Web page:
“Wildlife and vehicle collisions are a major safety concern in some areas. This safety and economic problem is driving the need to look at connecting habitats near our expanding network of roads, highways, and interchanges. Potential solutions to this problem include multi-use crossing and combinations of over/under crossings, wildlife fencing, and animal-on-roadway detection systems. There are proven solutions that, when designed and implemented strategically, can reduce the number of wildlife collisions to save costs and, most significantly, human and animal lives. This is where the work of Horrocks begins.”

— Kurt Wald, Boise Environmental Programs Leader

For any project, it is important to understand how infrastructure will affect the surrounding environment. Our team provides all levels of National Environmental Policy Act (NEPA) documents, including Environmental Assessments (EAs) and Environmental Impact Statements (EISs), and offers a variety of biological and ecological services to meet our clients’ evolving needs. Using this data, we can design solutions that help mitigate road barriers and provide safe animal movement.

USA Parkway Design-Build

Reno, Nevada

Horrocks worked with Ames Construction and the Nevada Department of Transportation (NDOT) as the lead designer in the 19-mile-long USA Parkway Design-Build project. This project connected the greater Reno/Sparks area by constructing a transportation link between I-80 in Storey County and US-50 in Lyon County. The location surrounding this project hosts a large wild horse population, and to improve driver and animal safety, our teams developed designs to accommodate the movement of local wildlife. These modifications included approximately 31 miles of wildlife fencing, several wildlife crossing structures, and solar-powered flashing beacons above Horse Warning signs.

Enhancing Community Connectivity Through Public Involvement

“By proactively engaging their communities in the decision-making process, our clients are able to incorporate solutions that build trust with the communities they serve and create solutions that both clients and the communities are proud of.

Because communities are directly affected by their surrounding infrastructure, it is crucial for stakeholders and project managers to be involved in the public forum to ensure that their work will not become a barrier within the community itself. With cities taking more initiative to expand active transportation infrastructure, the need for professional public involvement services continues to rise. Communicating with stakeholders and the public early on can help project managers understand the community’s needs, thus avoiding unnecessary project impacts or delays.

“Access to convenient and safe options for walking, biking, and transit promotes greater community connections. As an environmental public involvement specialist, I care about people and the communities that they live in and encourage opportunities for community engagement early in the environmental process. By proactively engaging their communities in the decision-making process, our clients are able to incorporate solutions that build trust with the communities they serve and create solutions that both clients and the communities are proud of.”

— Samantha Patterson, Environmental Public Involvement Specialist

To improve the decision-making process and mitigate project risk, Horrocks provides professional public involvement services to better inform the public and to develop partnerships within the community. From strategic planning and stakeholder communication to branding and crisis planning, our specialists open the channels of communication to help the public feel more closely connected with each project.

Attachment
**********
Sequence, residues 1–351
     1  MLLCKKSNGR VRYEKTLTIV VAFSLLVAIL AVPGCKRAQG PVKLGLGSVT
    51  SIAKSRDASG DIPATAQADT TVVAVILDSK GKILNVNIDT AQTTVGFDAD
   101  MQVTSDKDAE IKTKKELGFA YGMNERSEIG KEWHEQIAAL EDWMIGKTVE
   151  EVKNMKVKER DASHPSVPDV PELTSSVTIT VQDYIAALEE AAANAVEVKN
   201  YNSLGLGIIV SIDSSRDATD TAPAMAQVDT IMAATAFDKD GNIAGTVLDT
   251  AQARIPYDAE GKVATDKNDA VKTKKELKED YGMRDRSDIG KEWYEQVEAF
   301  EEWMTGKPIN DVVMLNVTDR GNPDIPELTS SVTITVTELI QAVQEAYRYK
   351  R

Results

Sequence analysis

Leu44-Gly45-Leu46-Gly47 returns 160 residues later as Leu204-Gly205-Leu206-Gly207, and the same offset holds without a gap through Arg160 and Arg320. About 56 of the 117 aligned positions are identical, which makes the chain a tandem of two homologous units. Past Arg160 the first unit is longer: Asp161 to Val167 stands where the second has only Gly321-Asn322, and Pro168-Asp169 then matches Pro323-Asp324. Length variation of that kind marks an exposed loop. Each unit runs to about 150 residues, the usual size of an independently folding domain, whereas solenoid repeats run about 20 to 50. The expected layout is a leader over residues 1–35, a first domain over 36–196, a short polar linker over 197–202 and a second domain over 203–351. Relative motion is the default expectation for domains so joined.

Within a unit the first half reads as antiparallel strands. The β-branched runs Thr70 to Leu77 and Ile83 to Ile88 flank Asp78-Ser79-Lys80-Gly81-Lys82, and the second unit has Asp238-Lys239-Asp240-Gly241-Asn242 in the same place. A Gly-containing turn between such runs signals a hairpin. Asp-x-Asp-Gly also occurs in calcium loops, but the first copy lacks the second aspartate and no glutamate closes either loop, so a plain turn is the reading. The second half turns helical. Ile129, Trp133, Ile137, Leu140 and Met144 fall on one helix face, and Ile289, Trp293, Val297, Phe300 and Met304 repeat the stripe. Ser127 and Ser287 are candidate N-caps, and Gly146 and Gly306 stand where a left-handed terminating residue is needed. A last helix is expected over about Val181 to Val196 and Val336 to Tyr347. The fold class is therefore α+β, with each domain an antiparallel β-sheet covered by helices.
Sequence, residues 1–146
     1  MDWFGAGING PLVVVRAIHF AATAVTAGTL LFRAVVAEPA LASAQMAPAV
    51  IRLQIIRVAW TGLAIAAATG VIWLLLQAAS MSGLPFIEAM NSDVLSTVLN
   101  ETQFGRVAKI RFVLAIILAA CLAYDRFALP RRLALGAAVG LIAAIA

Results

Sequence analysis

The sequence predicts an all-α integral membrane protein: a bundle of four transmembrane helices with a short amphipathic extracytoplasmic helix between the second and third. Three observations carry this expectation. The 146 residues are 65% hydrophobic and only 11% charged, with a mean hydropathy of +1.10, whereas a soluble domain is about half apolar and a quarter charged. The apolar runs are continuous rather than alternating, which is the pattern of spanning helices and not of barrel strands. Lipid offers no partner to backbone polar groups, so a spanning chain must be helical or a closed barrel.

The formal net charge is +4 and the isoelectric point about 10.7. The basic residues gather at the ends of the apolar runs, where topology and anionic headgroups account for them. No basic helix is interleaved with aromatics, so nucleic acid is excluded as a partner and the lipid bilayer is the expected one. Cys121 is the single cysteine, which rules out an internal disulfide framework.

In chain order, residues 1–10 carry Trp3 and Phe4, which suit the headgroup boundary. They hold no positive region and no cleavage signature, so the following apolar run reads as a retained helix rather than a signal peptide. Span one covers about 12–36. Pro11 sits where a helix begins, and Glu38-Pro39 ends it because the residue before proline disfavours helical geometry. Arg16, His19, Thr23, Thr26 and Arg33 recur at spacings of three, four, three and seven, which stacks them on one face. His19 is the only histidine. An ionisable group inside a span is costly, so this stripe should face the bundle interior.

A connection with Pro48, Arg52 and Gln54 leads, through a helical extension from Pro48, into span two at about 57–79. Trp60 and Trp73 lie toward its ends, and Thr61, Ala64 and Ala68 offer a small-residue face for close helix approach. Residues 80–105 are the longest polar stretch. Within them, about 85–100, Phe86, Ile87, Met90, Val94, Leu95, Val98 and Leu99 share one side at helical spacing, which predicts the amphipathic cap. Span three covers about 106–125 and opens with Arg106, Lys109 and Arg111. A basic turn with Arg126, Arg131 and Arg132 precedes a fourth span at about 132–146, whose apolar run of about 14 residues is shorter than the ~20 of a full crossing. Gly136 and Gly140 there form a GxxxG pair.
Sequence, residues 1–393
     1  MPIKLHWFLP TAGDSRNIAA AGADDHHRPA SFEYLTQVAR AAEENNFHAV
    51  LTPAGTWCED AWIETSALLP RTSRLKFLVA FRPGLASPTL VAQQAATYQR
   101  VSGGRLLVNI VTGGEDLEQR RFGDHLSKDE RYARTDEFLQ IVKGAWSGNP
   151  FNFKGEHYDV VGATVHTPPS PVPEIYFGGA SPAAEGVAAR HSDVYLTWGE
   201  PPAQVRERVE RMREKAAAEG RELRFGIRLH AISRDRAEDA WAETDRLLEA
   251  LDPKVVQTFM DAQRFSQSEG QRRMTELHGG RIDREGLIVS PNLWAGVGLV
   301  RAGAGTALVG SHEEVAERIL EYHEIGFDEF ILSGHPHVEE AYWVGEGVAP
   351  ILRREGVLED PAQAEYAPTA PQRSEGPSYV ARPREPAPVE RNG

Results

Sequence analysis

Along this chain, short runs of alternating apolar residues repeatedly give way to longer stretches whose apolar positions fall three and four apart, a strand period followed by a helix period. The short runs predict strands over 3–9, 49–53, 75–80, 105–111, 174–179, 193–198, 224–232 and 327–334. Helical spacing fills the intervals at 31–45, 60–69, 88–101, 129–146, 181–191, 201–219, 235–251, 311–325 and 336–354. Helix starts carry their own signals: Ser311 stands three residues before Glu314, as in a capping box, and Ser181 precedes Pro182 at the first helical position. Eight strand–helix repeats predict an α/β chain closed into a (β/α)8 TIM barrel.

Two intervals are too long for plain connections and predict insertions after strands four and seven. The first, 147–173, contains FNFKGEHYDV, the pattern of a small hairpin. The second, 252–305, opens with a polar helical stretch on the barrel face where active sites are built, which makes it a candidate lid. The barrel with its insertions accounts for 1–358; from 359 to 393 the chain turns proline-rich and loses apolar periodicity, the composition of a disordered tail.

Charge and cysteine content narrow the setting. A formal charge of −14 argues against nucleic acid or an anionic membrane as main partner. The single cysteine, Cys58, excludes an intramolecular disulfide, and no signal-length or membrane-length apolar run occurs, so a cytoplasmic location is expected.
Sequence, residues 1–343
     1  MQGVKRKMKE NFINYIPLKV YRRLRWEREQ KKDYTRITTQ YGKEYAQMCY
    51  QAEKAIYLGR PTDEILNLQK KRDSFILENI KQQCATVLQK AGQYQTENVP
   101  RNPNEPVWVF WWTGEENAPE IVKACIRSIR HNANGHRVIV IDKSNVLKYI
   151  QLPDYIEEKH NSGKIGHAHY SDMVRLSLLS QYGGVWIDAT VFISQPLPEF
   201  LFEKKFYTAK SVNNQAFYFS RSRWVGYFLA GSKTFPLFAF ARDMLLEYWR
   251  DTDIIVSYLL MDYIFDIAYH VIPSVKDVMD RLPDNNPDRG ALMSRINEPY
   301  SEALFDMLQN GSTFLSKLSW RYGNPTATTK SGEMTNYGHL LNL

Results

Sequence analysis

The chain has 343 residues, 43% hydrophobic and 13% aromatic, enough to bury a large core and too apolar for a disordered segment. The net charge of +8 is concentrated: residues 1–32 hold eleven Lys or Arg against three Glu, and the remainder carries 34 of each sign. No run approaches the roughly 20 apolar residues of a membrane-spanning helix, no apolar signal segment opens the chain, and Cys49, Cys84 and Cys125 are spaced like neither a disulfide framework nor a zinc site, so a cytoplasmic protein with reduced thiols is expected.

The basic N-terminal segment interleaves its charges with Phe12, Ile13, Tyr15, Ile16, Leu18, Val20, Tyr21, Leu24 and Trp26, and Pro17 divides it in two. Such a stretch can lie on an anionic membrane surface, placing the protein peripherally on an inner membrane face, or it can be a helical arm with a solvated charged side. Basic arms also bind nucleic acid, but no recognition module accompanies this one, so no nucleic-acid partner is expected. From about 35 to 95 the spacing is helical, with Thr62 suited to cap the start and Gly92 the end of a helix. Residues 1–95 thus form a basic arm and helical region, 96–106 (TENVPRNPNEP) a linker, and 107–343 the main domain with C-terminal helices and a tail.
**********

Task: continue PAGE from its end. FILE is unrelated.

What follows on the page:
I-15 Milepost 11 Interchange EIS

Washington City, Utah

When the Utah Department of Transportation (UDOT) proposed a new interchange along I-15 near milepost 11, local residents became concerned that the new infrastructure would have a negative impact on their way of life. The project inspired much public controversy due to its location in historic downtown Washington City, and the Preferred Alternative created controversy regarding neighborhood safety. To address residents’ concerns, Horrocks developed a robust public involvement plan that included an EIS, a Community Social Assessment, and a diverse Community Coordination Team. This strategy proved useful when addressing concerns for pedestrian and bicyclist crossings and made the public feel more connected in the decision-making process.

I-80 Wildlife Overpass Public Involvement

Summit County, Utah

In late 2018, UDOT unveiled plans to construct a wildlife passage over I-80 in Summit County, Utah, in an effort to improve driver and animal safety; the area had previously acquired the nickname "Slaughter Row" due to the high concentration of animal collisions. This project became the largest wildlife-only overpass in the state, passing over six lanes of traffic. To help in this endeavor, Horrocks was chosen to provide public involvement services including key message development, media relations, interagency coordination, video production, social media content development, and more.

See the how this wildlife bridge has helped animals cross I-80 safely in the above video.

Connecting Communities at Horrocks Engineers

At Horrocks, we believe that we have a responsibility to our communities to improve safety, elevate mobility, and create connections for all. Our motto, “Creating connections to the future,” is illustrated each day in the work we provide to mitigate barriers between people and the communities they form. For more information about how Horrocks builds up communities and supports greater transportation connectivity, reach out to us at

Alexis Verson

Senior Transportation Planner

Kurt Wald

Boise Environmental Programs Leader

Samantha Patterson

Environmental Public Involvement Specialist


  1. M.P. Huijser, P. McGowen, J. Fuller, A. Hardy, A. Kociolek, A.P. Clevenger, D. Smith & R. Ament. (2008). Wildlife-Vehicle Collision Reduction Study: Report to Congress. Federal Highway Administration,